Throughout the novel Williams meditates intricately on Christian concepts of Eden, linked with the Fall of Man and the sacrifice of Jesus. Battle Hill is both Golgotha, the place of the crucifixion, and the scene of Eve’s fashioning from Adam’s side and her introduction of life and death into the world. The quiet English suburb affords access to both heaven and hell, depending on the choices of the characters.

Continuing with the Genesis theme, Williams also presents the sterile virtual reality offered by Lilith as Gomorrah. Gomorrah, not Sodom, is the true city of death, writes Williams, for “Men can be in love with men, and women with women, and still be in love and make sounds and speeches,”

but don’t you know how quiet the streets of Gomorrah are? haven’t you seen the pools that everlastingly reflect the faces of those who walk with their own phantasms, but the phantasms aren’t reflected, and can’t be. . . . and they’ve no children—no cherubim breaking into being or babies as tiresome as ours; there’s no birth there, and only the second death.

Williams’s Gomorrah owes something to the stony, childless city of Bulika in George MacDonald’s Lilith, but Williams goes even further in the portrayal of death-in-life as a black hole of phantasmic self. In Gomorrah,

There’s no distinction between lover and beloved; they beget themselves on their adoration of themselves, and they live and feed and starve on themselves, and by themselves too, for creation, as my predecessor said, is the mercy of God, and they won’t have the facts of creation.

In the end, says Williams, “there’s only Zion or Gomorrah,” only the God- and other-directed city that lives by “the facts of creation”—in Williams’s Zion I hear the Jewish wedding blessing that describes the streets of Judah teeming with brides and grooms who will restore the city’s children—and, on the other hand, the silent city of the ego’s glowing screens.

Mrs. Sammile, who appears in most of the novel as a nervous busybody (“she suggested by her whole bearing that time was in a hurry”), an ordinary bourgeois if with something faintly macabre about her face, is revealed at the end as a grotesque and withered crone who would suckle the dead souls she has trapped, but has no maternal milk with which to do so. She lives, it turns out, in a disused shed in the Battle Hill cemetery. This is a doorway to hell, harrowed by the character of Pauline, a thoughtful young woman who rejects Lilith’s importunings and whom we recognize as an Eve (the Edenic name of her character in the community play is Periel: God’s fruit) to Mrs. Sammile’s Lilith.

Lilith, painting by Anselm Kiefer (1998)

Apart from Lilith and all she represents, a major aspect of the novel is Williams’s “Doctrine of Substituted Love,” which his alter-ego in the novel teaches to Pauline. This belief of Williams’s is a somewhat heterodox Christian idea that the New Testament call to “carry each other’s burdens” is literal, an actual practice and metaphysical reality. We can take on the fear and distress of another person so that they do not have to carry such burdens themselves. Moreover, Williams believes that we can retroactively take on the anguish of the dead. Pauline, in the novel, accepts the fear of a martyred ancestor so that he, four hundred years previously, may face his burning at the stake in joy.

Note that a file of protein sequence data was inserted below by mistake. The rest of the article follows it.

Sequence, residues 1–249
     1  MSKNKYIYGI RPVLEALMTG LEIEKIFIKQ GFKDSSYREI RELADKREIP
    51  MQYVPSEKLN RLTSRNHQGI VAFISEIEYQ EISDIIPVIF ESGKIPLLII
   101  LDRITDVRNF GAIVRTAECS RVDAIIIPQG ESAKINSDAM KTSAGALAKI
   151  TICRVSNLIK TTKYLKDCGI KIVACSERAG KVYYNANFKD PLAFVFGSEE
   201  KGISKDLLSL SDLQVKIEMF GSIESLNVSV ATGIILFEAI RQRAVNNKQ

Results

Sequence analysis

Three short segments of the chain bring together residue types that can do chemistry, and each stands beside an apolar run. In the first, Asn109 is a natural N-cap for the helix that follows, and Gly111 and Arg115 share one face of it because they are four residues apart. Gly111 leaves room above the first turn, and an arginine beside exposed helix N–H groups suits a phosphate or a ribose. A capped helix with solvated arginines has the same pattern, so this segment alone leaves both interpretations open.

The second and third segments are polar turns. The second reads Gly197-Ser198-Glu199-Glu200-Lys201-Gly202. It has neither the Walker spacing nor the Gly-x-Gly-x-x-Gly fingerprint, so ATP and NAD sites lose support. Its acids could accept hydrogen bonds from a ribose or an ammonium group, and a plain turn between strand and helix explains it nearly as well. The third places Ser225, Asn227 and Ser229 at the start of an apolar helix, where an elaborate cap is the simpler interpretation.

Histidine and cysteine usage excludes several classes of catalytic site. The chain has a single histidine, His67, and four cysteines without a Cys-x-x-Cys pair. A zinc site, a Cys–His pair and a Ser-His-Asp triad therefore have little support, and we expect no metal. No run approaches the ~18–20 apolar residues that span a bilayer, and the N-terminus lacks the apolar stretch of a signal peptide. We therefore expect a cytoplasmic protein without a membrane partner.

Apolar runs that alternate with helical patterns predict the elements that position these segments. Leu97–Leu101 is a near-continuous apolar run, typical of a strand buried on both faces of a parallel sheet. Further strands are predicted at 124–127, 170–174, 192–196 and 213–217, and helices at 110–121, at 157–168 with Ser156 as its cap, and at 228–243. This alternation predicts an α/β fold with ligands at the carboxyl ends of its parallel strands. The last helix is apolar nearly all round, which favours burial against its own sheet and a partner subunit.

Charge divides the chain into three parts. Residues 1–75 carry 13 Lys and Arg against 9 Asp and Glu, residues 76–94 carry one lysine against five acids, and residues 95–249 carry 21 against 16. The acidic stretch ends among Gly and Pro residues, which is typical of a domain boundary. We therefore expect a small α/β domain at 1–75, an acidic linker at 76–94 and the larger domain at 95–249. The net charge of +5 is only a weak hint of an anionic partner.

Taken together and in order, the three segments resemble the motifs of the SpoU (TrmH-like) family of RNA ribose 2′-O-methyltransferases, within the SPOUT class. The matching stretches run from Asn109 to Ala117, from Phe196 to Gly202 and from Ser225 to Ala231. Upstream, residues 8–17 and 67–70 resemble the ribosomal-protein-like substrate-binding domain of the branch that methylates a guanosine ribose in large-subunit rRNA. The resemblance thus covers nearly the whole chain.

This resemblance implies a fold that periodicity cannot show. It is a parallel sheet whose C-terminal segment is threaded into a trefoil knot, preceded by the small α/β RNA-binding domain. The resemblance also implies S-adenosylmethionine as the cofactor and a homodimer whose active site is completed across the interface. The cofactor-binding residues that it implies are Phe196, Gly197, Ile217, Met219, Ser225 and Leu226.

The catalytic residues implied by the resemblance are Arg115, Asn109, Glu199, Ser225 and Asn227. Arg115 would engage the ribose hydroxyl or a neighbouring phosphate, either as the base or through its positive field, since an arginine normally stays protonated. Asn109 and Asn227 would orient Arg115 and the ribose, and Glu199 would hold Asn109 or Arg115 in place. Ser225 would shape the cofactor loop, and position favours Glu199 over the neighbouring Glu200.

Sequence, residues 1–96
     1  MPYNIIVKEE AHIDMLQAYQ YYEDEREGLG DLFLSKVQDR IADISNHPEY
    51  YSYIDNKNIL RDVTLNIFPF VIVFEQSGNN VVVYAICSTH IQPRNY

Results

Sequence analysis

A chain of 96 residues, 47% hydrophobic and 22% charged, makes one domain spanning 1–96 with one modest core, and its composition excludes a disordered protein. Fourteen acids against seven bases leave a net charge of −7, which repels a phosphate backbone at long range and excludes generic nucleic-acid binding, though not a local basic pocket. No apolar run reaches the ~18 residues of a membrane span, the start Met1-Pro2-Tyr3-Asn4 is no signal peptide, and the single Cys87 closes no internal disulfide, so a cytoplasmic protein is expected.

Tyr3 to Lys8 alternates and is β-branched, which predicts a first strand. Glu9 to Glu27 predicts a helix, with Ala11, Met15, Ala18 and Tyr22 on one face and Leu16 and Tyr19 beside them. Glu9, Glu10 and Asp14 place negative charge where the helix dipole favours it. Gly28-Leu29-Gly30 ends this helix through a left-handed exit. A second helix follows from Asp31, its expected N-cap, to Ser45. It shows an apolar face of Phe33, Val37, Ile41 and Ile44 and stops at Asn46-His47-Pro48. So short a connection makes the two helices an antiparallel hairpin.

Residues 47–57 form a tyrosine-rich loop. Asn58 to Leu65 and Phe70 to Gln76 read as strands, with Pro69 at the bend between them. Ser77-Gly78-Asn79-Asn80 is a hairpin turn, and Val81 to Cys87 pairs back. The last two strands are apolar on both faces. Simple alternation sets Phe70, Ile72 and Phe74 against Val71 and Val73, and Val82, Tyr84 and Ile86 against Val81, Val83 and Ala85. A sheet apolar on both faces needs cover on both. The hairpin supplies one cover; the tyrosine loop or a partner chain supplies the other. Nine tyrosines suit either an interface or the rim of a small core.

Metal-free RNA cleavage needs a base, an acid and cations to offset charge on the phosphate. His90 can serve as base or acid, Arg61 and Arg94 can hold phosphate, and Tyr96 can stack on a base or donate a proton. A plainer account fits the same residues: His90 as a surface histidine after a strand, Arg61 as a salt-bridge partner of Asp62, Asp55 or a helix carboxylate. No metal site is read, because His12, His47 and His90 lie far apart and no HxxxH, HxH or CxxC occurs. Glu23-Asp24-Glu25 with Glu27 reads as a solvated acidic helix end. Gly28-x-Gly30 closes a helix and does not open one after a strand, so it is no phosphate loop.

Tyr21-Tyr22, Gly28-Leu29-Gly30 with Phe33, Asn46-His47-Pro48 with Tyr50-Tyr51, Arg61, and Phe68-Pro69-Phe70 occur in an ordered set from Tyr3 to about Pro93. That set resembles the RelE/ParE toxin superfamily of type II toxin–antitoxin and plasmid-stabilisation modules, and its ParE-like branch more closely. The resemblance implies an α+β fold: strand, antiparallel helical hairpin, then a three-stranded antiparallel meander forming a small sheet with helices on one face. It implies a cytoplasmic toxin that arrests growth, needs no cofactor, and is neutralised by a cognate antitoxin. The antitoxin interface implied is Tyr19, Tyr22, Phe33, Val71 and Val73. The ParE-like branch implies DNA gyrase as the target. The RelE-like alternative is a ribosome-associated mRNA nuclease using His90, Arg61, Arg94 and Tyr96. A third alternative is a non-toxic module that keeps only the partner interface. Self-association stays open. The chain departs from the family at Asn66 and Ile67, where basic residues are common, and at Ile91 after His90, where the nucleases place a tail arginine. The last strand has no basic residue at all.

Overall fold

This is an intriguing, also troubling concept. One can recognize a likely therapeutic effect in taking on another person’s emotional discomfort and telling them to be at peace. In the novel, we are told that this aspect of the practice does not even depend on religious belief. More unsettling is the conviction that, as God is not bound by time, one can do the same for the dead and, presumably, have our own fears lifted by generations to come. It may be asked whether this counts as one of the magical practices that engaged Williams. Certainly, the nature of this doctrine must depend on its truth, for if Williams is mistaken then this kind of posthumous charity is only a solipsistic delusion, not altogether dissimilar from the blandishments of Lilith, as Williams was surely aware.

I have no trouble accepting that the relationship between God and His people is not restricted by ordinary concepts of time, that, as the sages say of Torah, “there is no early or late.” Indeed, I have always taken the daily liturgical enactment of deliverance from Egypt, the recitation of the Song at the Sea, as the expression of an ancient gratitude so intense that it radiates endlessly into the future, binding us today in thankfulness and celebration. But this is a different directionality than the idea that our praise today might assuage the fears of our forebears, whether at the Red Sea or in Auschwitz.

In any case, it’s neither my competence nor my place as a Jew to comment on the mystery of another faith, even as it provokes in me thought and reflection on my own. Williams’s novel, by turns lofty and creepy, smug and self-rending, is finally a horrifically prescient warning about the Liliths of our own day.